Power listening and language learning.

I recently posted that I am aiming for between 500 and 1000 hours of listening to my foreign languages in 2011.

Some people suggested that it is difficult to listen that much. This caused me to reflect on when I have listened in a concentrated time for a long period. This is only possible occasionally. For example when driving from Munich to Porto in September I listened to 22 hours of the fabulous Portuguese Podcast Pessoal e Transmissivel, fascinating interviews broadcast over a period of several years. When I arrived in Portugal my Portuguese was at a new level.

I have gardened for hours listening to Balzac, or Proust in French or driven for hours listening to I Promessi Sposi or La Provinciale by Moravia in Italian. I still remember myself cross country skiing for hours while listening to Turgenev or Bulgakov in Russian.

When I am able to put together a listening marathon, by which I mean at least 4 hours of solid listening, while doing something else, I inevitably feel I have made a great step forward. The content must be interesting, at least 70% comprehensible, and the voice must be pleasing. I feel that I get pushed past a threshold and achieve a new connection with the language, one that I mostly keep. Try it some time.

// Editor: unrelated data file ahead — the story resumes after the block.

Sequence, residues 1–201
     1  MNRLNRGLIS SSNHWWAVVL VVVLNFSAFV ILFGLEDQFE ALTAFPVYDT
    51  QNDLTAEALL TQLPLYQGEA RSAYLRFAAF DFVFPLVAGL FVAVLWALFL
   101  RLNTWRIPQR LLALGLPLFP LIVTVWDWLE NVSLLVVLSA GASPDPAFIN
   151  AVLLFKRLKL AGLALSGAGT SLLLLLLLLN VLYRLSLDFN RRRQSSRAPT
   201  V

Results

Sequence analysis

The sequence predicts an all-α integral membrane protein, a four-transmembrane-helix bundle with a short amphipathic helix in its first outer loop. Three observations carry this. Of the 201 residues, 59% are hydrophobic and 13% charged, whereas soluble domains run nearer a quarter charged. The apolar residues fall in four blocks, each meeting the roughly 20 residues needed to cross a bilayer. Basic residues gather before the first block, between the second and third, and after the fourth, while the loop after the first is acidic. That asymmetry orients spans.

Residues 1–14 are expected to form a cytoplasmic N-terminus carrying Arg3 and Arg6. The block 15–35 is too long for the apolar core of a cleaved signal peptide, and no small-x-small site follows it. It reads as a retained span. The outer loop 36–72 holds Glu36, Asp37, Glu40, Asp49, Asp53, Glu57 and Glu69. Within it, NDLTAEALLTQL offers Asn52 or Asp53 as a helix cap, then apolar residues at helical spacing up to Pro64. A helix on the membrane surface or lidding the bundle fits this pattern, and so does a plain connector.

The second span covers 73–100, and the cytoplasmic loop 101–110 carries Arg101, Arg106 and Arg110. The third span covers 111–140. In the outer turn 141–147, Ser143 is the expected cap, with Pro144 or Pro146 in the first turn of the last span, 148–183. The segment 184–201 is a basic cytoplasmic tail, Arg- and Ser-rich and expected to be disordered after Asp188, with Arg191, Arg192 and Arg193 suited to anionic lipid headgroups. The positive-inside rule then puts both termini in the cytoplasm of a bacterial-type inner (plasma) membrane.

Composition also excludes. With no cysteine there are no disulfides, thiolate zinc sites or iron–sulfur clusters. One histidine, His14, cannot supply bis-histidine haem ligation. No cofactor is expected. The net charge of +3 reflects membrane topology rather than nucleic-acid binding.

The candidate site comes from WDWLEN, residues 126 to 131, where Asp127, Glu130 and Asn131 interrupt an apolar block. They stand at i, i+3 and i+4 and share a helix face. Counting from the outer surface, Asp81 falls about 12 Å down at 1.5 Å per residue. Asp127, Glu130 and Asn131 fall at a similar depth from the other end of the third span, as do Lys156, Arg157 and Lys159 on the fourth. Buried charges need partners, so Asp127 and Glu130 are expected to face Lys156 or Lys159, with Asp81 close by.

4 thoughts on “Power listening and language learning.

  1. Eight hours a day most days (all day, at work). And yes, it’s done wonders, even when I can’t always fully concentrate. Doesn’t take long to get 1000 hours that way either.

  2. I agree with this totally. In my case I find the most difficult problem to be finding 70% comprehension type material. I am in that weird no man’s land region of intermediate skill, where a typical podcast or audiobook is too advanced, but beginner material is too short or too simple. Occasionally I find material that is ideal and I consume that content voraciously. Here’s to hoping I get over the intermediate "hump" in 2011!

  3. When I am not able to understand at least 70% of what I am listening to, and even when I can, I like to work the transcript, whenever I can get a hold of it. I read it. I save words and phrases in it. I review these words and phrases. Transcripts of all classic literature are available on the Internet. Echo Moskvi has transcripts and of course all the content at LingQ has transcripts. Reading and working the transcripts really powers up the listening.

  4. I’m sort of the same as the second commenter – it’s hard to find pre-intermediate/intermediate material. Chinese also has the added difficulty of being less likely to understand the transcript than the audio! But, good advice. I need to listen to more audio at work.

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